When Cincinnati Children’s first told Erin Grasty’s patient story two years ago, she was a 16-year-old patient with epilepsy. She had been having seizures since she was 10.
Erin and her mom, Patty, talked about what it was like to ride the “e-coaster,” the epilepsy roller coaster that had taken their lives for a spin. They described what it was like to live with the condition, to explain it to teachers and classmates and to try to just get over it.
Erin didn’t want epilepsy to define her. She wanted people to know that it was just a small part of her life. She was finding help at Cincinnati Children’s to make it easier to manage. And she was emerging as a success story.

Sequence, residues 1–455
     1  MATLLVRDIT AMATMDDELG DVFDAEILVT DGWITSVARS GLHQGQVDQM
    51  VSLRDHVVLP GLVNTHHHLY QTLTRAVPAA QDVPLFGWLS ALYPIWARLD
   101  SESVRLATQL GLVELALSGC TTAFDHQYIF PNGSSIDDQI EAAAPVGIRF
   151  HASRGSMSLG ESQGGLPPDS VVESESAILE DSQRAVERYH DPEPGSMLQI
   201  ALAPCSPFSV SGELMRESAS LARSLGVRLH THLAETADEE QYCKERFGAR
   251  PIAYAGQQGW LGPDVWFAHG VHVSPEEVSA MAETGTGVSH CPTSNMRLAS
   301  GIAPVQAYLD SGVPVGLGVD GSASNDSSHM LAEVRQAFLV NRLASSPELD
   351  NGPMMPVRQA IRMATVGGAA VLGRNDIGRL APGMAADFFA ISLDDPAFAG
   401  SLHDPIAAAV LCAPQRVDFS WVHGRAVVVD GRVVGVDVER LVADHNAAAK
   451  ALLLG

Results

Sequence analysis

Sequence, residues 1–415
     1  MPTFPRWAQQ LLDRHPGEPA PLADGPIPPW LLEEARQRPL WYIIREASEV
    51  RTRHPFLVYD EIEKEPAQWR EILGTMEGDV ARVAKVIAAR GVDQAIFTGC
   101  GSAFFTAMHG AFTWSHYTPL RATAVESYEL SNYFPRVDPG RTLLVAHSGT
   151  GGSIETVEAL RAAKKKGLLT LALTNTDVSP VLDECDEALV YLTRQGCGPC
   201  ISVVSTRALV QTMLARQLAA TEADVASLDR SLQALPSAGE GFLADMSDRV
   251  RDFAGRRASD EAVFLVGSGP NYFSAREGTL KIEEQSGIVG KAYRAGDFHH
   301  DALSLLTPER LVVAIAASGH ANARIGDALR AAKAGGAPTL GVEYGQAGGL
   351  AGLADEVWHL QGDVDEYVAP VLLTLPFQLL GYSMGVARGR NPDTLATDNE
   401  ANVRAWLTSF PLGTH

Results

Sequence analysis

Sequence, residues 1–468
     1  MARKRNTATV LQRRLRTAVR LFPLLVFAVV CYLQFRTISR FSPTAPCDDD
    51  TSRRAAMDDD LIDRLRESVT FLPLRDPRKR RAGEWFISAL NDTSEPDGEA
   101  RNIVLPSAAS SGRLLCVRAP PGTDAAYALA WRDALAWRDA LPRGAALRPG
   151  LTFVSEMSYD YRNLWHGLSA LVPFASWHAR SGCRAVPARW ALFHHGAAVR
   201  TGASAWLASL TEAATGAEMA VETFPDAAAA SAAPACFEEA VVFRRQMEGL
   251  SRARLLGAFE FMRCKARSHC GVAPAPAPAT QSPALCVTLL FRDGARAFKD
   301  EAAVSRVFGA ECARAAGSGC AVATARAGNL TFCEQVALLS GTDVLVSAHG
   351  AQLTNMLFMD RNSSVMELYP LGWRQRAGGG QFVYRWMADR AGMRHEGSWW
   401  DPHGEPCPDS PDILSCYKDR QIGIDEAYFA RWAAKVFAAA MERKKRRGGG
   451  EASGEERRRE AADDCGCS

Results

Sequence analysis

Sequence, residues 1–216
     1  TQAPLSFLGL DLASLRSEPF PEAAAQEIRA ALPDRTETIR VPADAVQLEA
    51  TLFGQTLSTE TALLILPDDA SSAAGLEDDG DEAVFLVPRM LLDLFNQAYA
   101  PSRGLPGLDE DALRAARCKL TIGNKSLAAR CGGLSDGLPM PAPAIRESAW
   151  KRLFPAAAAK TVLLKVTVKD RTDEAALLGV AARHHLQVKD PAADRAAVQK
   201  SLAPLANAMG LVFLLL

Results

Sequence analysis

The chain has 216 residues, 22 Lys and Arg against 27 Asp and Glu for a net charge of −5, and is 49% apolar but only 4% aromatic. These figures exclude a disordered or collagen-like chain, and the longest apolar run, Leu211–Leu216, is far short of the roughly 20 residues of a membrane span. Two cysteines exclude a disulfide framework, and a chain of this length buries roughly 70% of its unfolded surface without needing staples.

Today, she’s every bit of a success story, and her life is even bigger. Erin, who will be 19 next month, is a student at the College of Mount St. Joseph and is studying special education. She just celebrated three years of being seizure-free. And she continues to educate her peers about epilepsy, which affects more than 2 million people across the country and is characterized by recurrent, unprovoked seizures.
November is National Epilepsy Awareness Month. And as we help raise awareness about the condition, we’re looking back at Erin’s story and celebrating how far she’s come.
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